The story appears on

Page A3

January 4, 2018

GET this page in PDF

Free for subscribers

View shopping cart

Related News

Home » Business » Finance

Ant Financial bid for MoneyGram torpedoed in US

ANT Financial’s plan to acquire the American money transfer company MoneyGram International has collapsed.

A government panel in the United States rejected the plan over national security concerns, the most high-profile Chinese deal to be torpedoed under the administration of US President Donald Trump.

The US$1.2 billion deal’s failure represents a blow for Jack Ma, executive chairman of Chinese Internet conglomerate Alibaba Group, who owns Ant Financial together with Alibaba executives. He was looking to expand Ant Financial’s footprint amid domestic competition from rival Tencent’s WeChat payment platform.

Ant Financial and MoneyGram jointly announced the termination of the proposed takeover on Tuesday, after the Committee on Foreign Investment in the US rejected their proposals to mitigate concerns over the safety of data that can be used to identify US citizens, according to sources familiar with the confidential discussions.

“Despite our best efforts to work cooperatively with the US government, it has now become clear that CFIUS will not approve this merger,” MoneyGram Chief Executive Alex Holmes said.

The news comes almost a year after Ma met Trump, promising to bring a million jobs to the US. The personal relationship did not sway the Trump Administration. The US government has toughened its stance on the sale of companies to Chinese entities, at a time when Trump is trying to put pressure on China to help to tackle North Korea’s nuclear ambitions and be more accommodative on trade and foreign exchange issues.

The MoneyGram deal is the latest in a string of Chinese acquisitions of US firms that have failed to clear CFIUS, including the US$1.3 billion purchase by China-backed buyout fund Canyon Bridge Capital Partners of US chipmaker Lattice Semiconductor.

In November, China Oceanwide Holdings Group and Genworth Financial Inc extended a deadline to April 1 for the Chinese group’s planned US$2.7 billion takeover of the American life insurer.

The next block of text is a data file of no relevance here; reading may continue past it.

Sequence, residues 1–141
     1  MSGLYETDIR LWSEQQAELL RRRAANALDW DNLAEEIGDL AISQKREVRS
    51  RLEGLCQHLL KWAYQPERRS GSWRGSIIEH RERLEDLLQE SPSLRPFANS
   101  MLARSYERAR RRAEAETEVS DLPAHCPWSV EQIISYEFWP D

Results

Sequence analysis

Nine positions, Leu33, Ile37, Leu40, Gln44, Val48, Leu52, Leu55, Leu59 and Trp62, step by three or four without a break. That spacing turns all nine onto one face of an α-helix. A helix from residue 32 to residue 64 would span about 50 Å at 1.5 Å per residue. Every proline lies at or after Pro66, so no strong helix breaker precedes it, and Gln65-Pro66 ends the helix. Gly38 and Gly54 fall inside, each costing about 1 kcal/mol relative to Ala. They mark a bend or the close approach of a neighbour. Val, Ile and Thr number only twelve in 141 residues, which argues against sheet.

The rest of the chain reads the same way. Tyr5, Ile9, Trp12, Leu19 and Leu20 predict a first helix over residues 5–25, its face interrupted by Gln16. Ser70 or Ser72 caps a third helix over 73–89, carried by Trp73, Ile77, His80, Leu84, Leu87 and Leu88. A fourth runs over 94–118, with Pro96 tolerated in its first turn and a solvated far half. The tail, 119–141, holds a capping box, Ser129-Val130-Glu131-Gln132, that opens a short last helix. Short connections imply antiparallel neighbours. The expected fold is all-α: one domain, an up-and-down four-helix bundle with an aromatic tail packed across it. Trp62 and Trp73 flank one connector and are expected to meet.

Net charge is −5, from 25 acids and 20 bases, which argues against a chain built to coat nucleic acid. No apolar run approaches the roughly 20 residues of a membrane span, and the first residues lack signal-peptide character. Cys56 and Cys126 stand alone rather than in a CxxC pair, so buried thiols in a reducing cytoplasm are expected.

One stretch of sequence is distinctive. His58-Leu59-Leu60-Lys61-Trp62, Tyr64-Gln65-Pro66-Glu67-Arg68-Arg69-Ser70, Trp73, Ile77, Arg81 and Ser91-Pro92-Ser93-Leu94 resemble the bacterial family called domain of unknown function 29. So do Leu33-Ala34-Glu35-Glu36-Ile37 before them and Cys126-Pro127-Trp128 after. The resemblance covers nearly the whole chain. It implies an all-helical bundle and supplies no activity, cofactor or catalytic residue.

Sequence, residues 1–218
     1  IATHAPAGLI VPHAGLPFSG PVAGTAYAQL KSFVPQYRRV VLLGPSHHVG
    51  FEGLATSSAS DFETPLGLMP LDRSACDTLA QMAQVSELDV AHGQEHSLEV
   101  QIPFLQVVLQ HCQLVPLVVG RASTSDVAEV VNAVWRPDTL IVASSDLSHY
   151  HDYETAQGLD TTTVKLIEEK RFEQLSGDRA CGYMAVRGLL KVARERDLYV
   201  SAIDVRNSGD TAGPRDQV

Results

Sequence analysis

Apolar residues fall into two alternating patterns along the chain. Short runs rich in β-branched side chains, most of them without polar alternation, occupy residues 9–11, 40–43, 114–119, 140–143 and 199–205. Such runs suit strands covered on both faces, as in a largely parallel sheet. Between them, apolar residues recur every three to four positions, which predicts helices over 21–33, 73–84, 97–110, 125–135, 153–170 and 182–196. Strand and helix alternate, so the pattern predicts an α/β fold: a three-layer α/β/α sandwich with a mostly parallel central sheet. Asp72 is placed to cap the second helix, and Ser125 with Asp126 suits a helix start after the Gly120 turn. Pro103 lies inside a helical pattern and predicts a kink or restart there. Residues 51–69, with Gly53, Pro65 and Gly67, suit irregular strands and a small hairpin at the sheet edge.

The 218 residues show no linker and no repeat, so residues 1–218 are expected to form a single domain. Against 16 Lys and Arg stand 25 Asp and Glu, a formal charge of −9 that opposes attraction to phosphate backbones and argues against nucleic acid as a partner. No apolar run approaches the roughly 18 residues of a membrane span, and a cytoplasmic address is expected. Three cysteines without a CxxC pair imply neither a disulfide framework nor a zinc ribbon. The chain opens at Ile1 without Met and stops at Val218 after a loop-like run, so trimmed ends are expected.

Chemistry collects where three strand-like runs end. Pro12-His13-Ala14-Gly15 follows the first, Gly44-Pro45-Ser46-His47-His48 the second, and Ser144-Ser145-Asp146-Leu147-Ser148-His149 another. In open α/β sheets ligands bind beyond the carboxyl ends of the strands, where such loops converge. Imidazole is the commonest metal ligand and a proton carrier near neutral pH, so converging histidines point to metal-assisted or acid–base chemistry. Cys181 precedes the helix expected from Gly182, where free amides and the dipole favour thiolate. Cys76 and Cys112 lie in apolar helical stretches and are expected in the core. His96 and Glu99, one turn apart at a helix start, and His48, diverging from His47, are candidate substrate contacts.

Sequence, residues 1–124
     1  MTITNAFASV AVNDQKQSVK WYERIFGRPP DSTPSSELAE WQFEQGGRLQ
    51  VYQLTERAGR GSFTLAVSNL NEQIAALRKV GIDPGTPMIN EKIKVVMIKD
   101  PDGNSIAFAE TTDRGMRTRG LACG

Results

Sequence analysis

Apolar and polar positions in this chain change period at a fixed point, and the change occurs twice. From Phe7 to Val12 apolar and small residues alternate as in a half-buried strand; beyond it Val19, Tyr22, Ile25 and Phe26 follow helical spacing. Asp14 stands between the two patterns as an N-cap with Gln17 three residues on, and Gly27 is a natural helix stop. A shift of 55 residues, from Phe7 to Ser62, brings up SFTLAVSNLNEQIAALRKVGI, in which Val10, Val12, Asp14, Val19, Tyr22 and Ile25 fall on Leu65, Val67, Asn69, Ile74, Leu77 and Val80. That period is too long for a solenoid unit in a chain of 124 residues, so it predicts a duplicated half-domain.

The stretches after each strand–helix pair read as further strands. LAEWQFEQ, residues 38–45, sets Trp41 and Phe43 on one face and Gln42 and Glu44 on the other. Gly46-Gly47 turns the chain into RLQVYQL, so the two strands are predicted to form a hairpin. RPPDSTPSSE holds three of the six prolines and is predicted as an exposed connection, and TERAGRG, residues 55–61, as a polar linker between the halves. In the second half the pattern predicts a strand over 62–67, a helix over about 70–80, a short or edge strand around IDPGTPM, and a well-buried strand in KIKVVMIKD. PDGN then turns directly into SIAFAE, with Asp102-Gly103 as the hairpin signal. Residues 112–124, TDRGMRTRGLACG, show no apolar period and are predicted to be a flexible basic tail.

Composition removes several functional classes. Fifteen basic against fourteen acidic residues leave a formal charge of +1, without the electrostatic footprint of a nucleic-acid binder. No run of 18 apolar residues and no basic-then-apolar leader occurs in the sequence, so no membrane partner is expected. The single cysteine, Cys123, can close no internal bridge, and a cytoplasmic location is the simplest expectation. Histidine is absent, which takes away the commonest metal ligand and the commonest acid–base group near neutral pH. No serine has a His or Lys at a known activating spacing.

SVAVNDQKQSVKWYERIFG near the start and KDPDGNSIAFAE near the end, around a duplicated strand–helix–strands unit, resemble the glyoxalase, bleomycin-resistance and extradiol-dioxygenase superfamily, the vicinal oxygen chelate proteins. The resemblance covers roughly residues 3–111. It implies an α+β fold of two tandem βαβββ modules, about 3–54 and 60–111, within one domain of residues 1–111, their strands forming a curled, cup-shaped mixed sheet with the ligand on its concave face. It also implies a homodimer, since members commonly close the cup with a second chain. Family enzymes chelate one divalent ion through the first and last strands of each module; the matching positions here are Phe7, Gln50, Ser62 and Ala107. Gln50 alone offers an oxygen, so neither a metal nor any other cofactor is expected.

In response to a question about the deal, Chinese foreign ministry spokesman Geng Shuang yesterday said cooperation on economic and trade matters was of mutual benefit.

“We hope the US can create a fair and predictable environment for Chinese enterprises to invest and start up businesses,” Geng added.

In a commentary, Xinhua news agency described a fading bonhomie between the two countries, with the US “stuck in a zero-sum mentality.”

China and the US “are about to ride a bumpy journey in trade in 2018 if the US government goes its own way, and retaliatory measures by China could be on the table,” Xinhua said.

The MoneyGram deal’s demise is also the latest example of how CFIUS’ focus on cyber security and the integrity of personal data is prompting it to block deals in sectors not traditionally associated with national security, such as financial services.

The US Treasury said it is prohibited by statute from disclosing information filed with CFIUS and declined to comment on the MoneyGram deal.

Other US financial services deals by Chinese firms are waiting for approval from CFIUS, including HNA Group’s acquisition of hedge fund-of-funds firm SkyBridge Capital from Anthony Scaramucci, the Trump administration’s former communications director.

Dallas-based MoneyGram has approximately 350,000 remittance locations in more than 200 countries and regions. Ant Financial was looking to take over MoneyGram not so much for its US presence but to expand in growing markets outside China.

Ant Financial and MoneyGram said they will now explore and develop initiatives to work together in remittance and digital payments in China, India, the Philippines and other Asian markets, as well as in the US. This cooperation will take the form of commercial agreements, one of the sources said.

Any arrangements reached by Ant Financial and MoneyGram that do not involve a transaction would not be subject to review by CFIUS.

“What is more likely to happen at this point is that MoneyGram will sell to another company, and one company that has shown interest in the past is Euronet,” said Gil Luria, an equity analyst at D.A. Davidson & Co.

Ant Financial agreed an US$18 per share all-cash deal to acquire MoneyGram in April, seeing off competition from US-based Euronet Worldwide, which had made an unsolicited offer for MoneyGram and openly lobbied US lawmakers, saying Ant’s proposal created a national security risk.

Ant Financial said it paid MoneyGram a US$30 million termination fee for the deal’s collapse.


Copyright © 1999- Shanghai Daily. All rights reserved.Preferably viewed with Internet Explorer 8 or newer browsers.

沪公网安备 31010602000204号

Email this to your friend